|18||18||20||2||Shortening the prayers||37||40||35|
|19||19||21||2||Prayer at night (tajjud)||63||68||68|
|20||20||x||2||Virtues of prayer at Masjid Makkah and Madinah||9||10||x|
|21||21||22||2||Actions while praying||27||26||40|
|22||22||x||2||Forgetfulness in prayer||14||13||x|
|24||24||24||2||Obligatory charity tax (Zakat)||116||118||95|
|x||x||25||2||Zakat ul-Fitr (ramadan charity)||x||x||10|
|26||26||27||3||Minor pilgrimage (Umrah)||33||33||32|
|27||27||28||3||Pilgrims prevented from completing the pilgrimage||17||15||14|
|28||28||29||3||Penalty of hunting while on pilgrimage||46||46||44|
|29||29||30||3||Virtues of Madinah||24||24||24|
|31||31||32||3||Praying at night in Ramadan||6||6||16|
|32||32||x||3||Virtues of the night of Qadr||11||x||x|
|33||33||33||3||Retiring to a mosque for remembrance of Allah||21||21||21|
|34||34||34||3||Sales and trade||193||192||178|
|35||35||35||3||Sales in which a price is paid for goods to be delivered later||16||18||20|
|38||38||37||3||Transferance of a debt from one person to another||3||3||10|
|40||40||38||3||Representation, Authorization, Business by proxy||18||21||17|
|42||42||40||3||Distribution of water||31||33||29|
|43||43||41||3||Loans, payment of loans, freezing of property, bankruptcy||24||25||38|
|45||45||42||3||Lost things picked up by someone||15||14||12|
|49||49||46||3||Manumission (freeing) of slaves||42||43||47|
|50||50||x||3||Makaatib (slaves trying to be free)||6||6||x|
|55||55||51||4||Wills and testaments||45||44||40|
|56||56||52||4||Fighting for the cause of Allah (jihaad)||311||309||283|
|57||57||53||4||One-fifth of booty to the cause of Allah||63||65||89|
|58||58||x||4||Jizyah and mawaada'ah (tax on dhimmis and a peace treaty)||30||34||x|
|59||59||54||4||Beginning of creation||137||136||130|
|61||61||56||4||Virtues and merits of the prophet and his companions / merits of sunnah||152||160||183|
|62||62||57||5||Companions of the prophet||136||127||118|
|63||63||58||5||Merits of the helpers in Madinah||179||173||166|
|64||64||59||5||Military expeditions led by the prophet||510||525||465|
|65||65||60||6||Prophetic commentary on the Qur'an||516||504||501|
|66||66||61||6||Virtues of the Qur'an||89||85||81|
|69||69||64||7||Supporting the family||23||22||23|
|71||71||66||7||Sacrifice on occasion of birth||9||8||8|
|73||73||68||7||Al-Adha festival sacrifice||31||30||28|
|78||78||73||8||Good manners and form||266||257||245|
|81||81||76||8||To make the heart tender||186||182||172|
|82||82||77||8||Divine will (qadar)||27||27||25|
|83||83||78||8||Oaths and vows||89||87||81|
|84||84||79||8||Expiation for unfulfilled oaths||16||16||18|
|85||85||80||8||Laws of inheritance||47||49||47|
|86||86||81||8||Limits and punishments set by Allah||31||88||31|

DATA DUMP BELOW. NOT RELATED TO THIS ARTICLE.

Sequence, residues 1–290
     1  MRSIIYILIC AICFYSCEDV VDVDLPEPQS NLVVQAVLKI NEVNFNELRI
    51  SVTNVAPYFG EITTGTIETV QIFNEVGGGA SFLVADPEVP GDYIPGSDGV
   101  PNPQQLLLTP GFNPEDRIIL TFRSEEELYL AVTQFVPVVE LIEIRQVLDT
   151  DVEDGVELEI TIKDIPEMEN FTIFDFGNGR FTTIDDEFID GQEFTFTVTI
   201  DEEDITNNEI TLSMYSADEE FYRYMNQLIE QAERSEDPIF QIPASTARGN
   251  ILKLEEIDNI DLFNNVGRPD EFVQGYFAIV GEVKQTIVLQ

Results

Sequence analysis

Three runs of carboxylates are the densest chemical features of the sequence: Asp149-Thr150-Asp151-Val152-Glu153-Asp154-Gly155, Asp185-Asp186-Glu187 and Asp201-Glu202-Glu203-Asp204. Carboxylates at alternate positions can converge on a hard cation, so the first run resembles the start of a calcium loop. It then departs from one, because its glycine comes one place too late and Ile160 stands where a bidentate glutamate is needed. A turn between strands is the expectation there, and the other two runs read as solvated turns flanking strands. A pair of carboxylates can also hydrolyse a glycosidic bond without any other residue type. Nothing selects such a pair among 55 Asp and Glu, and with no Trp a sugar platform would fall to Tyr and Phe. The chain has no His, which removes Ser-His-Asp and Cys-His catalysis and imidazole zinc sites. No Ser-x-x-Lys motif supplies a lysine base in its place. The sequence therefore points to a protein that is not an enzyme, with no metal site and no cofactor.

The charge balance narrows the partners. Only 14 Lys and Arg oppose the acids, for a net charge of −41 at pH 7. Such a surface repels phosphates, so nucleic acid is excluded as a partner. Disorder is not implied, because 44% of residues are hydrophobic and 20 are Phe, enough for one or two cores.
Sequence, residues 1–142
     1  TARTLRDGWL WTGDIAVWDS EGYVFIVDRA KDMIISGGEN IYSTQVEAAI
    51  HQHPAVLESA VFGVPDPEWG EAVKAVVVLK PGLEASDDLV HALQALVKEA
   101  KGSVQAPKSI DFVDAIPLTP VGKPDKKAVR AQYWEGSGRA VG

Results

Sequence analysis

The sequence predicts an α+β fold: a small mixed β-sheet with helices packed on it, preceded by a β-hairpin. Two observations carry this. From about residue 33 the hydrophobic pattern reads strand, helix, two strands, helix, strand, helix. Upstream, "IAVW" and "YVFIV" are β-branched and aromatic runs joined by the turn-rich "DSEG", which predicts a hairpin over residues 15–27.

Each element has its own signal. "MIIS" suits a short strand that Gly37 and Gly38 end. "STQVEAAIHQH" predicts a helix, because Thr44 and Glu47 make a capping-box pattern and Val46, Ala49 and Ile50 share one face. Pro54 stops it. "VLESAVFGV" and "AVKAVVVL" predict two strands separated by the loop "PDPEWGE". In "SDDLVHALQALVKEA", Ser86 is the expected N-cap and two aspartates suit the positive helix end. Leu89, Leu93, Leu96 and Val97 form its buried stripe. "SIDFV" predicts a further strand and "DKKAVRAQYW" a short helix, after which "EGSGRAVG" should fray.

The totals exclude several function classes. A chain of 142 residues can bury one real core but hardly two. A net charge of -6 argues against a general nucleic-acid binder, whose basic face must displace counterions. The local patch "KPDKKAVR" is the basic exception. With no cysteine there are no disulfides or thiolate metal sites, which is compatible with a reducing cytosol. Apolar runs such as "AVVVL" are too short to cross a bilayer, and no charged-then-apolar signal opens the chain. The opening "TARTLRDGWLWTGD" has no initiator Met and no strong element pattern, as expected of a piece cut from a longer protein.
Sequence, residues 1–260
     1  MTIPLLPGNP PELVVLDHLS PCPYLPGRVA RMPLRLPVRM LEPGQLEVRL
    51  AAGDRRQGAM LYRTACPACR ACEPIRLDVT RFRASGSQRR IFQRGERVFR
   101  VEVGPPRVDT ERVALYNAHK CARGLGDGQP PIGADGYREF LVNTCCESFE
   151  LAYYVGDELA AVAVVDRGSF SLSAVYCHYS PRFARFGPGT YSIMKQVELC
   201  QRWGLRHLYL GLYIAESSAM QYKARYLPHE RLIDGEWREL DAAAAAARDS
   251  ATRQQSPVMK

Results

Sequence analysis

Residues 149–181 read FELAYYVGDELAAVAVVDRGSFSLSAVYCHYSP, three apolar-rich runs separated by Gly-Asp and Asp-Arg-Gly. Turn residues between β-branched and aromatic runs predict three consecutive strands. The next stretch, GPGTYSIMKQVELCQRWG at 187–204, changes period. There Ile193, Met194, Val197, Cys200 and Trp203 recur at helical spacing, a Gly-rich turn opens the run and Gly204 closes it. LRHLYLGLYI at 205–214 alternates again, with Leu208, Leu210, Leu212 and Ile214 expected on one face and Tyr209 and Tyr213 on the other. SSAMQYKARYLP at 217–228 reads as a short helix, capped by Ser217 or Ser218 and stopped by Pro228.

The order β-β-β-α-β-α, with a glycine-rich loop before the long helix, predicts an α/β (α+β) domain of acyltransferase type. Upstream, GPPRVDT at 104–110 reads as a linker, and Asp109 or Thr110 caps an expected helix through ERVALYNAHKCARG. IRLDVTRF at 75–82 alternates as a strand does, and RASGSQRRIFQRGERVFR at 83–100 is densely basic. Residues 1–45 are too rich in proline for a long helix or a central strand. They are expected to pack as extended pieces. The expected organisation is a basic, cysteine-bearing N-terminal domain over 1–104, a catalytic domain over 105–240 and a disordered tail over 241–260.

|87||x||82||8||Punishments of disbelievers at war with Allah and his apostle / Disbelievers||52||x||49|
|89||88||84||9||Dealing with apostates||21||22||20|
|90||89||85||9||Saying something under compulsion||13||13||12|
|92||91||87||9||Interpretation of dreams||68||66||59|
|93||92||88||9||Afflictions and the end of the world||90||89||81|
|96||95||91||9||Accepting information given by a truthful person||21||22||21|
|97||96||92||9||Holding fast to the Qur'an and sunnah||98||103||96|
|98||97||93||9||Oneness, uniqueness of Allah||194||193||184|
Sahih Bukhari is a collection of narrations from people who lived with Muhammad. The word "sahih" means "authentic", but since Bukhari started collecting them hundereds of years after Muhammad and all of the narrations have a long chain of narrations (like "someone said, that someone else said, that someone else said, that she said, that he said that Muhammad did something"), it is questionable, whether those narrations are actually authentic. Nevertheless this collection is considered to be the most authentic by sunni Muslims.
The English translation by Muhsin Khan is not very reliable.
The collection is divided into 9 volumes and volumes are divided into books. There are more than 90 books. One book can contain from a few to hundereds of hadiths (narrations). Since the numbering of both books and hadiths is problematic (there are more numbering methods), we can't say how many books and how many hadiths there are. Also we can't say which book contains the biggest number of hadiths. But we can say that (in all numbering methods) the 3 biggest books are:
- Military expeditions led by the prophet
- Prophetic commentary on the Qur'an
- Fighting for the cause of Allah (jihaad)
So two out of three biggest books of narrations about Muhammad's life are about killing people. The book "Military expeditions led by the prophet" contains over 500 hadiths. While the book of "Peacemaking" contains less then 30 hadiths. From this we can conclude that killing people was a very big part of Muhammad's life (of his "sunna").
- Sahih Bukhari online with English translation
- Muhammad died 632. Bukhari was born 810.
- The most common narrators from Muhammad's generation are Abu Huraira and Aisha. See also  and .
- A.C. Brown, Jonathan (2009). Hadith: Muhammad's Legacy in the Medieval and Modern World (Foundations of Islam series). Oneworld Publications. p. 32. ISBN 978-1851686636.
- The 98 version is from the web al-islamic.net, the 97 version from sunnah.com and the 93 version from sahih-bukhari.com